It’ll be a long time between drinks at your favourite pub.
It’ll be a long time between drinks at your favourite pub.

Here's when pubs will reopen in Australia

If you've been dreaming about knocking back a few beers with mates once the coronavirus spread slows down, you're going to have to wait a lot longer.

While the government will review restrictions in four weeks, experts say pubs and bars are likely to stay closed throughout winter even if community transmission of the virus is reduced.

Peter Collignon, a professor of microbiology at the Australian National University, told The Sun-Herald pubs will probably remain closed until spring.


"Unfortunately I don't think until September this year at the earliest," he said. "Winter is coming and that is our next big risk time - for all respiratory viruses, including this one.

"I think for a while longer with large inter-mingling groups inside, we need to play safe which is better than being very sorry afterwards."

Federal Health Minister Greg Hunt says the nation has achieved "a sustained and genuine flattening of the curve" but that afternoons at the pub won't be returning soon: "Even when that decision is made, there may still be significant measures to maintain social distancing and to support good hygiene".

Deserted: Newtown’s busy pub scene is a ghost town during lockdown.
Deserted: Newtown’s busy pub scene is a ghost town during lockdown.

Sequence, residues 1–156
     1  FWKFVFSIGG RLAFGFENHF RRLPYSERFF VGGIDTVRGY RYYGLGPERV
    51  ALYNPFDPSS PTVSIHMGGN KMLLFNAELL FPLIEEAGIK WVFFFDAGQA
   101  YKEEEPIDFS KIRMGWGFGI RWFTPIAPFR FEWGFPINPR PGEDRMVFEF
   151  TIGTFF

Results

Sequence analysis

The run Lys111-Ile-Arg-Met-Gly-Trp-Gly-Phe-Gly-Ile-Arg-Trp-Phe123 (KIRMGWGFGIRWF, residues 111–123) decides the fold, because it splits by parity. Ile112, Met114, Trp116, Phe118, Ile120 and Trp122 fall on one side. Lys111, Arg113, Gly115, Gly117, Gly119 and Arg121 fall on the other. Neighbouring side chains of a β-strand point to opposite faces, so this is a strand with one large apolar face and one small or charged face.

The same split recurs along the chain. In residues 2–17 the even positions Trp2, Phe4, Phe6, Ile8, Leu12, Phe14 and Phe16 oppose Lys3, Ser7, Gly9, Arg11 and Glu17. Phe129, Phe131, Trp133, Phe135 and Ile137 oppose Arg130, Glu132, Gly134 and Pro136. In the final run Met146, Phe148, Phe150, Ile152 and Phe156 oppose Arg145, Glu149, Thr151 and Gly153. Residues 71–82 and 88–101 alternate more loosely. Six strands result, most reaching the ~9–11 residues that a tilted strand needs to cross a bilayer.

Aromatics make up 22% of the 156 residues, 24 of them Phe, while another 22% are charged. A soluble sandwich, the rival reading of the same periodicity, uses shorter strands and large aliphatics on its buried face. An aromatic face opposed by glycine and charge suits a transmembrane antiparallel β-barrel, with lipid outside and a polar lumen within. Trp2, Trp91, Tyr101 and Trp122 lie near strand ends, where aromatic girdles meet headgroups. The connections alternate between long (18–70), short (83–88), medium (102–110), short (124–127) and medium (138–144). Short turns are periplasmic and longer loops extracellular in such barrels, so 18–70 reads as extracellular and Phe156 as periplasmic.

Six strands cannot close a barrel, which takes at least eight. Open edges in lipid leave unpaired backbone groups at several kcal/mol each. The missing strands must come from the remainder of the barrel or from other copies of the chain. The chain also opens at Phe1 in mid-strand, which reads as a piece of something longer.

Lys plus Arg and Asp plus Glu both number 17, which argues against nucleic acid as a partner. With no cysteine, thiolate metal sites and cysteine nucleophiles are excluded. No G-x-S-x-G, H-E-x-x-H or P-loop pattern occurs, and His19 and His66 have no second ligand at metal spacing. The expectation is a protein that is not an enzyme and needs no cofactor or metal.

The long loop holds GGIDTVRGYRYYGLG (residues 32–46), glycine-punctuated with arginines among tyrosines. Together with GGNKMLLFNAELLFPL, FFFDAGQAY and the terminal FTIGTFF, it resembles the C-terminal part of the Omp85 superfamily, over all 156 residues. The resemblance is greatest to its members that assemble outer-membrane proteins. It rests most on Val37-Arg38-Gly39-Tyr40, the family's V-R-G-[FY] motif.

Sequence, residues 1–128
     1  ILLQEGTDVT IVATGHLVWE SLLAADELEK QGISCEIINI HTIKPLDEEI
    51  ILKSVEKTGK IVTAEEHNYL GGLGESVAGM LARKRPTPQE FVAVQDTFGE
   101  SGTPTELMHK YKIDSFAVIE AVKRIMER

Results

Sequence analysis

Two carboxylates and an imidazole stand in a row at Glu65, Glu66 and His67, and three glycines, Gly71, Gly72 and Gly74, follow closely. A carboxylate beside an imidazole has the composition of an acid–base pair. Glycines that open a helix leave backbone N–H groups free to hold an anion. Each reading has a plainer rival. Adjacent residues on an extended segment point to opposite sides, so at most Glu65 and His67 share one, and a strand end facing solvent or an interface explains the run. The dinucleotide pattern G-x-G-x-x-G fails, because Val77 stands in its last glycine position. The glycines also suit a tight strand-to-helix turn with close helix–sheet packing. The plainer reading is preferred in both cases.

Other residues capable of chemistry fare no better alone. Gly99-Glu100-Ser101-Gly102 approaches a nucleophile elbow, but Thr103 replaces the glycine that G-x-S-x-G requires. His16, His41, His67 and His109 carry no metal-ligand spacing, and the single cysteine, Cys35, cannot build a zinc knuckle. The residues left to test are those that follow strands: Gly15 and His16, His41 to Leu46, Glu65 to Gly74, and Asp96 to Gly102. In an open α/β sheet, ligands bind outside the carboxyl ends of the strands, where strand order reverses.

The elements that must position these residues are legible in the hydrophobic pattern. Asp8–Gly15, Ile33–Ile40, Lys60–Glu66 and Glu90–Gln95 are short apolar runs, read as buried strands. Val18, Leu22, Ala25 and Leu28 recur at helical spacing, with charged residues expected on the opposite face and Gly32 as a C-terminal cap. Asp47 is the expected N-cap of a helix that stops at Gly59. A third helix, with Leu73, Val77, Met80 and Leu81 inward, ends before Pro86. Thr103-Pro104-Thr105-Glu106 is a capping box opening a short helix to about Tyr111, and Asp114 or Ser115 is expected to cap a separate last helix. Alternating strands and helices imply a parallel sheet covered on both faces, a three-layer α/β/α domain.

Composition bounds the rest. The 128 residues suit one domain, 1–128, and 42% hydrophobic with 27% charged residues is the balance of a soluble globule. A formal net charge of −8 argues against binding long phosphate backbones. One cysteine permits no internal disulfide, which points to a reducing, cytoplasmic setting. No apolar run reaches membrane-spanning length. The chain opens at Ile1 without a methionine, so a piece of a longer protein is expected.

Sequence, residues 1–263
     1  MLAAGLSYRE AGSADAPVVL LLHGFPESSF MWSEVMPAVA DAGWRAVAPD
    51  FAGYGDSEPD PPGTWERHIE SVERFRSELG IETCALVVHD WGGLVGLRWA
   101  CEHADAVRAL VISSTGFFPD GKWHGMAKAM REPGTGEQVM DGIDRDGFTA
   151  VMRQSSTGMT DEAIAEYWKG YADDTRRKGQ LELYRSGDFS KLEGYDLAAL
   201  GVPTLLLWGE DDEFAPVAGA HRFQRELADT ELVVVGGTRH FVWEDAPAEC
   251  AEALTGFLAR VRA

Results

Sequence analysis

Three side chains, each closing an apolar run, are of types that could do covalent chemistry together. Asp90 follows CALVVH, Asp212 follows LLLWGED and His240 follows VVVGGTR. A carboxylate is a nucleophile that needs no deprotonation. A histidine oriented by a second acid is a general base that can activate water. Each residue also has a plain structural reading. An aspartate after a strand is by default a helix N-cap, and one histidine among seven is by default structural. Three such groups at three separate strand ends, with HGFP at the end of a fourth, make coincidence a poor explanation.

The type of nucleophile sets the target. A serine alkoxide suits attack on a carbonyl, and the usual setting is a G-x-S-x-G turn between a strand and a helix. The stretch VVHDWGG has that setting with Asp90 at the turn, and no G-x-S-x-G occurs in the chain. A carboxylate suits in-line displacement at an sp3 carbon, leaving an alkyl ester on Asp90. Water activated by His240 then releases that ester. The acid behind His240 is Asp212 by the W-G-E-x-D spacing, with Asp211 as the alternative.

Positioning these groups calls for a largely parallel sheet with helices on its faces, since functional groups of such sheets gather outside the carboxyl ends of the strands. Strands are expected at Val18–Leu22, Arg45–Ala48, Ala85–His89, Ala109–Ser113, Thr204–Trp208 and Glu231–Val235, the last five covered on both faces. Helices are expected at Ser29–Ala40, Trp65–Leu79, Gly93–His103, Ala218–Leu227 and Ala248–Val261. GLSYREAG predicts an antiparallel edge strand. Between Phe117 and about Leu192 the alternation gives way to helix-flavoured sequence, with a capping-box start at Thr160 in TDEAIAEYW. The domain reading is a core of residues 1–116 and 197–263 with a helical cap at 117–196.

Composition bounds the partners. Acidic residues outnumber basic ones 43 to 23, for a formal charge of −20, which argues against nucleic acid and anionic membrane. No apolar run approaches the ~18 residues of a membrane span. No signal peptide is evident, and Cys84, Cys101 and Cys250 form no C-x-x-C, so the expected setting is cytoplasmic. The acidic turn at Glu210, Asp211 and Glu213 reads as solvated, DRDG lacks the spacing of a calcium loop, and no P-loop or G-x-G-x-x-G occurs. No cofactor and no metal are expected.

Mr Hunt told The Sun-Herald that even once venues reopen, social distancing restrictions could still apply.

"I understand not having this avenue for social interaction is contributing to this challenging time," he said. "Restaurants, cafes and pubs will reopen when the health advice and government deem it safe to do so."

Several experts told the publication pubs would be last to reopen once restrictions are relaxed, with one saying some venues could open before others depending on their location.

"You could ring-fence areas that haven't quite got the virus under control and allow others to relax to see how that goes as an experiment," Mary-Louise McClaws, a professor of epidemiology at the University of NSW, said.

As of Sunday morning, there have been more than 6500 confirmed COVID-19 cases in Australia, with 2936 in New South Wales, 1328 in Victoria, 1014 in Queensland, 435 in South Australia, 544 in Western Australia, 188 in Tasmania, 103 in the Australian Capital Territory and 28 in the Northern Territory.

The death toll stands at 70, after a Victorian man in his 80s died overnight in Victoria.

Originally published as Bad news: When pubs will reopen